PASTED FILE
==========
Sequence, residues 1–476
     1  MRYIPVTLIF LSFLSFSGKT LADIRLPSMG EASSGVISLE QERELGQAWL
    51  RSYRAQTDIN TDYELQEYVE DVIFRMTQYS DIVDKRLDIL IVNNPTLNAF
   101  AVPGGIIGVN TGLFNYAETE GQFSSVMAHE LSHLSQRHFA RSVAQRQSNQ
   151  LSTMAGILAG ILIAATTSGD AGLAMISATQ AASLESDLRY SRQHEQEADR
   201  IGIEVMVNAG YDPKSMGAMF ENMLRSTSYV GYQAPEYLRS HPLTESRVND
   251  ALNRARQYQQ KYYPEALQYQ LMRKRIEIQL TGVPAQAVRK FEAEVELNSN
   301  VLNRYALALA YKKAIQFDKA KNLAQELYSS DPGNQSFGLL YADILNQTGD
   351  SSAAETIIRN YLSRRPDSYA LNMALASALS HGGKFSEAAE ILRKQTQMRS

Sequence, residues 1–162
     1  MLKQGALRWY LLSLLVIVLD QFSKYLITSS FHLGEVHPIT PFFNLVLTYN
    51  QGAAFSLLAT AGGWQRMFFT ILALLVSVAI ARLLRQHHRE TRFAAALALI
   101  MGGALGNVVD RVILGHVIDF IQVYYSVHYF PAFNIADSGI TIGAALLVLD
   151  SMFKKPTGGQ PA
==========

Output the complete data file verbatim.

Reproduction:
Sequence, residues 1–476
     1  MRYIPVTLIF LSFLSFSGKT LADIRLPSMG EASSGVISLE QERELGQAWL
    51  RSYRAQTDIN TDYELQEYVE DVIFRMTQYS DIVDKRLDIL IVNNPTLNAF
   101  AVPGGIIGVN TGLFNYAETE GQFSSVMAHE LSHLSQRHFA RSVAQRQSNQ
   151  LSTMAGILAG ILIAATTSGD AGLAMISATQ AASLESDLRY SRQHEQEADR
   201  IGIEVMVNAG YDPKSMGAMF ENMLRSTSYV GYQAPEYLRS HPLTESRVND
   251  ALNRARQYQQ KYYPEALQYQ LMRKRIEIQL TGVPAQAVRK FEAEVELNSN
   301  VLNRYALALA YKKAIQFDKA KNLAQELYSS DPGNQSFGLL YADILNQTGD
   351  SSAAETIIRN YLSRRPDSYA LNMALASALS HGGKFSEAAE ILRKQTQMRS

Sequence, residues 1–162
     1  MLKQGALRWY LLSLLVIVLD QFSKYLITSS FHLGEVHPIT PFFNLVLTYN
    51  QGAAFSLLAT AGGWQRMFFT ILALLVSVAI ARLLRQHHRE TRFAAALALI
   101  MGGALGNVVD RVILGHVIDF IQVYYSVHYF PAFNIADSGI TIGAALLVLD
   151  SMFKKPTGGQ PA